Schoonord to Crane four-lane highway for June 2024 completion

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The $11.8 billion four-lane highway from Schoonord, West Bank Demerara to Crane, West Coast Demerara is expected to be completed by June 2024, President Dr Irfaan Ali revealed on Thursday.

Works have commenced on the new highway that is expected to significantly reduce traffic congestion on the West side. President Ali and a team of ministers visited the highway site to inspect the ongoing works on Thursday.

“There is already sand filling on one section of the road, this road goes all the way to Schoonord that is where the new Demerara Bridge will be, a massive roundabout with connectors lane will be attached to the existing highway that will bring traffic onto this highway and circulate traffic down the old highway going back to Vreed-en-Hoop, the West Bank and Demerara Bridge,” President Ali explained.

He described the new highway as a transformative and modern one that is “urgently required for commuters.”

“This will bring tremendous ease, we are hoping by June next year that this new four-lane highway will be completed,” the Head of State said.

He related that contractors are working aggressively during the night to complete the project.

“By December of this year, we are hoping to be in a position where all the preliminary works, the sand filling, and all the structures would have been completed.”

However, getting sand across the Harbour Bridge is proving to be a big challenge because of the weight limits.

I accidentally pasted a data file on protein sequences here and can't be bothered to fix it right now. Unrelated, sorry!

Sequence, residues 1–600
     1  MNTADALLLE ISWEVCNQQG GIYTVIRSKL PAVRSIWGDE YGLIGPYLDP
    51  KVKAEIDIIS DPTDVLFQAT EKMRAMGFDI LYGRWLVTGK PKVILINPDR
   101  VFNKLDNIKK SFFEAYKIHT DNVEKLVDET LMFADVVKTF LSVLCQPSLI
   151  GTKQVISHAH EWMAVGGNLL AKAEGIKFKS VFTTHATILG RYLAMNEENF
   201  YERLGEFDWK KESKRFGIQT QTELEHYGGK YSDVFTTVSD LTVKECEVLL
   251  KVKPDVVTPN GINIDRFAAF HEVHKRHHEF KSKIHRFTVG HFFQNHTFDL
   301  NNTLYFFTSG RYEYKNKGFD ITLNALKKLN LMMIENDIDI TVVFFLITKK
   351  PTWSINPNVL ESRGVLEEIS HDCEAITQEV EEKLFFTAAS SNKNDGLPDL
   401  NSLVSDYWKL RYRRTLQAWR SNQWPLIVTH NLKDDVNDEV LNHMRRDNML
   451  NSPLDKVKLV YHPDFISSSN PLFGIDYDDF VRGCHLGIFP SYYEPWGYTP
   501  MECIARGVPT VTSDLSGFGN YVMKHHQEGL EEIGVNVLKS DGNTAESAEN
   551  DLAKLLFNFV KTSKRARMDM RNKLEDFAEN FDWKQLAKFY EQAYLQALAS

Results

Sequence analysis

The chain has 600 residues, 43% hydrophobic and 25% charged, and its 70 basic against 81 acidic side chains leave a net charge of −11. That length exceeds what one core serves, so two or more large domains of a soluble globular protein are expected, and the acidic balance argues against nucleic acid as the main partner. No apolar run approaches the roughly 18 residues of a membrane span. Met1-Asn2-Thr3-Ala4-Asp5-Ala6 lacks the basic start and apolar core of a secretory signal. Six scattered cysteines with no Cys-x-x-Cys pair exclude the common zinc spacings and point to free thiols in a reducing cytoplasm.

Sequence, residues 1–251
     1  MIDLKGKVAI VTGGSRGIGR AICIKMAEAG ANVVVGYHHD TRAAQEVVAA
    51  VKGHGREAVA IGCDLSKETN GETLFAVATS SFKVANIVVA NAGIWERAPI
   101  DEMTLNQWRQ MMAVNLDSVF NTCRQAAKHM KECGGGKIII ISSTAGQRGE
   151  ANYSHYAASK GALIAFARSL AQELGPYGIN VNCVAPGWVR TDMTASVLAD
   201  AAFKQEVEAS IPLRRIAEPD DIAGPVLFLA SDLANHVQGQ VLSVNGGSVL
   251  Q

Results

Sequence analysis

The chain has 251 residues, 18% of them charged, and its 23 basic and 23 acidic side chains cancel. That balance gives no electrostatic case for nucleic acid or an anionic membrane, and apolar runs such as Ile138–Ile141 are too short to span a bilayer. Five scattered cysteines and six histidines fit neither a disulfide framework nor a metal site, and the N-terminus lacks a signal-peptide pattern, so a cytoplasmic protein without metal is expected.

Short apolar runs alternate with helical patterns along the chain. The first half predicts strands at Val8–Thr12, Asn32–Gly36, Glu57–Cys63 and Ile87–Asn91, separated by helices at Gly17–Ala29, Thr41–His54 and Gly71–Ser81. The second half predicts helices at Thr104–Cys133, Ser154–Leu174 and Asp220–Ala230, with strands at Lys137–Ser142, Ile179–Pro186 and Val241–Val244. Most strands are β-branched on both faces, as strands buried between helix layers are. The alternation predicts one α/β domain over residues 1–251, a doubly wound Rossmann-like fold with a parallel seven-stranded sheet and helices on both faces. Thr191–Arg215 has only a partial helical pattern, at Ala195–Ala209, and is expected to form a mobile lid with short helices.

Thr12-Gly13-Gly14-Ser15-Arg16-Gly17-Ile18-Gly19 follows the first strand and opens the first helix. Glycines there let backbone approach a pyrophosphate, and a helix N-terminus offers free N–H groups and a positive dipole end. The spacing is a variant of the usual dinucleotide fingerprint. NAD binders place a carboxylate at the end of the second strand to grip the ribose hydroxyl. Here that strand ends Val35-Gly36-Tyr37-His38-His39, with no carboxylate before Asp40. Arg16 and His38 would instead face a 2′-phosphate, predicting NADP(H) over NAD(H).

The new highway complements ongoing infrastructural works within the region especially the development of new housing areas.

“Region Three is one of the regions in which we are having a great population push because of the housing development, the type of industrial and connection development [and] because of the oil and gas sector also taking effect in this region,” the President said.

The Head of State expressed gratitude to the proprietors whose land will be utilized to construct the new highway and said “we were able to have good comprising solutions in moving this project forward.

The project will see the construction of 4.1 kilometres of a dual carriageway reinforced concrete road with an emergency lane as well as 2.4 kilometres of road rehabilitation, and upgrade.

It will also feature two roundabouts, 11 reinforced concrete box culverts, 36 pre-stressed bridges, and road signage and markings.

The $11.8 billion contract for the highway was awarded to eight contractors –  VR Construction Inc, Avinash Contracting & Scrap Metal Inc, L-Heureuse Construction and Services Inc, Guyamerica Construction Inc, AJM Enterprise, Vals Construction, Puran Bros Disposal Inc, and JS Guyana Inc.

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